Workers’ compensation claims are based on a no fault system. This means that workers who sustain injuries in the workplace can file a workers’ compensation claim in Baltimore without having to prove that the accident occurred because of fault or negligence. Usually, the no fault nature of workers’ comp means that employees give up their right to file lawsuits against their employers because of workplace injuries. However, there are exceptions. After sustaining injuries because of your job, you have the right to consult a workers’ comp lawyer to determine if you might be able to recover greater compensation through a lawsuit. This will depend on whether the incident was accidental or caused by negligence.
Differentiating Between Accidents and Negligence
By definition, an accident is an unplanned, unexpected event that causes bodily injuries and did not occur due to someone’s fault. For example, an office worker could be carrying a heavy box of copy paper. He or she might stub a toe, fall to the floor, and break an arm. Assuming that nothing except pure chance caused the stubbed toe, this is an example of an accident. In contrast, an accident caused by negligence might not necessarily be an intentional effort to injure someone, but it does occur due to someone else’s fault. A freshly mopped floor might result in a slip and fall incident. If an employer failed to provide safety equipment like wet floor signs, then this might be an example of negligence. Negligence can be broadly defined as conduct that falls below the standard of care that a person could reasonably expect to maintain.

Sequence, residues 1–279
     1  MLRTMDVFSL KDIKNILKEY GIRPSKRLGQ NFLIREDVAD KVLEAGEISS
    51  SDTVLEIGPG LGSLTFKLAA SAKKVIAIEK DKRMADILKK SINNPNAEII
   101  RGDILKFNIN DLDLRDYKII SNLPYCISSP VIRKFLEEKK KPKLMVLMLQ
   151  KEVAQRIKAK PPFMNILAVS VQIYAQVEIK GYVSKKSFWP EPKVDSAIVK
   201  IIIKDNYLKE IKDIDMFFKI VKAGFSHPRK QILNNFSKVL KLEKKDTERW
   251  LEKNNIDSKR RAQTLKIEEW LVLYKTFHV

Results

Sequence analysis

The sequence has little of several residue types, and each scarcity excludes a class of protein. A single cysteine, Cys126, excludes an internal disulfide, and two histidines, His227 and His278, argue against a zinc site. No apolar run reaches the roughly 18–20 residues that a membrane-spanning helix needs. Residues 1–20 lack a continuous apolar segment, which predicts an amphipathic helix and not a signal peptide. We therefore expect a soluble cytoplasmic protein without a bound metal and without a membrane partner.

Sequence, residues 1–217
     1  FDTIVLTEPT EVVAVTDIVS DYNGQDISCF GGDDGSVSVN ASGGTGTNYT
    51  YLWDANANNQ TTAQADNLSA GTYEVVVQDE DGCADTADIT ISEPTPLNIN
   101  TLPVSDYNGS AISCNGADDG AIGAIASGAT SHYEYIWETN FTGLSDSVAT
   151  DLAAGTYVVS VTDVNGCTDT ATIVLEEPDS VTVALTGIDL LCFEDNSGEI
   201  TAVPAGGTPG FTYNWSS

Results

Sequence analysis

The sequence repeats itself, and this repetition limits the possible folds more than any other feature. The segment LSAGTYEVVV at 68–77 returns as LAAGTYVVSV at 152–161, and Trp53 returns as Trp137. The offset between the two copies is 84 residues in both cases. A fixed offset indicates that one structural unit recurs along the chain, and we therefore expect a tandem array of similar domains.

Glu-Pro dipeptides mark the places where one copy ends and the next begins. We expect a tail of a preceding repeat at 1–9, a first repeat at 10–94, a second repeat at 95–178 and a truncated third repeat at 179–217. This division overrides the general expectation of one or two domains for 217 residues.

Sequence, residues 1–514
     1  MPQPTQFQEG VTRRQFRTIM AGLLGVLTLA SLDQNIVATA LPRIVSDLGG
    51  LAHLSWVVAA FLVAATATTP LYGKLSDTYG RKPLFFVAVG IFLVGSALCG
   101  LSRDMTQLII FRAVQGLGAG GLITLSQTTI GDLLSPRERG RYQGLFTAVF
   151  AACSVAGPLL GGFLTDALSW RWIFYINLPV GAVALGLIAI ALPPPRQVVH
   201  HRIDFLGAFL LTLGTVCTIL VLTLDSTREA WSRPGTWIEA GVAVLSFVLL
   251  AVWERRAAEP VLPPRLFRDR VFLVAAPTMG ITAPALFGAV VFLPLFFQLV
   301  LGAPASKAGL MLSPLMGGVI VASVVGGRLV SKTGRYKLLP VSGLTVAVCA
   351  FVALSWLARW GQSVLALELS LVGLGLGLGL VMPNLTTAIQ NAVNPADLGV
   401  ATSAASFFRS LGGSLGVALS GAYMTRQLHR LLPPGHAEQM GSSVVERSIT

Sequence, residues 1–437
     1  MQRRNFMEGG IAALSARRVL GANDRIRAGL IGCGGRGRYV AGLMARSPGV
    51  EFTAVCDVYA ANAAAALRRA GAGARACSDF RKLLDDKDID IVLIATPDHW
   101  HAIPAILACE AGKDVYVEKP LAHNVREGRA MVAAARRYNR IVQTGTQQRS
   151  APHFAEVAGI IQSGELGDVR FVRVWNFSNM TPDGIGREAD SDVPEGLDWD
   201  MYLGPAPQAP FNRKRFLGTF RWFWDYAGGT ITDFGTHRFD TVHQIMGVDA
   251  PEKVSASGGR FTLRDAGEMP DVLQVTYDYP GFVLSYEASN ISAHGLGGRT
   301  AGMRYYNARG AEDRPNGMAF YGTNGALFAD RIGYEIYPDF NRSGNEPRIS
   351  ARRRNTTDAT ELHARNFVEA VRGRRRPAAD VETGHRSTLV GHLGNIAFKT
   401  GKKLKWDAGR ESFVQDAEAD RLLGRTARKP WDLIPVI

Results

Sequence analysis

Identifying the Types of Workplace Negligence
When your workers’ comp lawyer evaluates your claim to determine whether it might be appropriate to file a lawsuit, he or she will look for acts or behaviors that fall below the widely accepted standard of care. Negligent acts can include any types of violations of OSHA standards. An employer might be negligent in failing to properly train employees in safety procedures or the use of safety equipment. Sometimes, an employer might even be found to be negligent in hiring or employee retention procedures if an improperly screened hire harms others in the workplace.